Imagine a world where humans no longer work.
Students would be taught by professor bots, or they could simply play video games all day. Nurse and doctor bots would tend to us when we’re ill and automation would grow our food, design our buildings and create our art.
According to UWindsor philosophy professor Jeff Noonan, such an existence would leave us feeling empty because a world without jobs would undermine the relationships that bring meaning to our lives.
Dr. Noonan makes that proposition in his article in the latest edition of the New Statesman. The British publication has launched a popular philosophy column called Agora moderated by UWindsor alumnus Aaron Wendland.
“It’s an idea I’ve been working on for a while,” said Noonan of his essay on what he calls “post-work.”
“We need to be needed,” Noonan said, calling jobs a form of “self-creative activity.”
Losing the ability to work “would not be a tremendous step on the road to happiness,” Noonan wrote. “As I see it, losing the need for labour altogether would lead to an existential crisis. If we were to substitute work for a life of absolute leisure, we would experience a rapid loss of meaning in our existence, manifested as an inability to care for or value anything.”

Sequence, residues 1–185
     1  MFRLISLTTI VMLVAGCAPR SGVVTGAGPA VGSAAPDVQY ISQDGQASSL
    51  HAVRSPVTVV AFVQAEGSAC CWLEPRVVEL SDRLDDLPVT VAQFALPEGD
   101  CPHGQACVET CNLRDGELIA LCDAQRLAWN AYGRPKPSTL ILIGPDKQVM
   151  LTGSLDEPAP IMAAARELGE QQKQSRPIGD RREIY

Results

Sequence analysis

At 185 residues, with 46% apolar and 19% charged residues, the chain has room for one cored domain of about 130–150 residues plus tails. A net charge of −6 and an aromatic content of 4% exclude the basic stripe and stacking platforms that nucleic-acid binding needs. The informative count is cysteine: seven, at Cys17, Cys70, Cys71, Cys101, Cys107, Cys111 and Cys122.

Wendland, who cites Noonan as one of the professors who helped him foster a passion for ideas, approached Noonan about writing a column.
Noonan said he was happy to find a medium outside of academia to share his thoughts and lauded the New Statesman for introducing Agora.
“It’s is an attempt to find space in the media outside of the academic world for philosophical material,” he said.
Of his article, Noonan said, “I hope it connects with people more broadly.”
─ Sarah Sacheli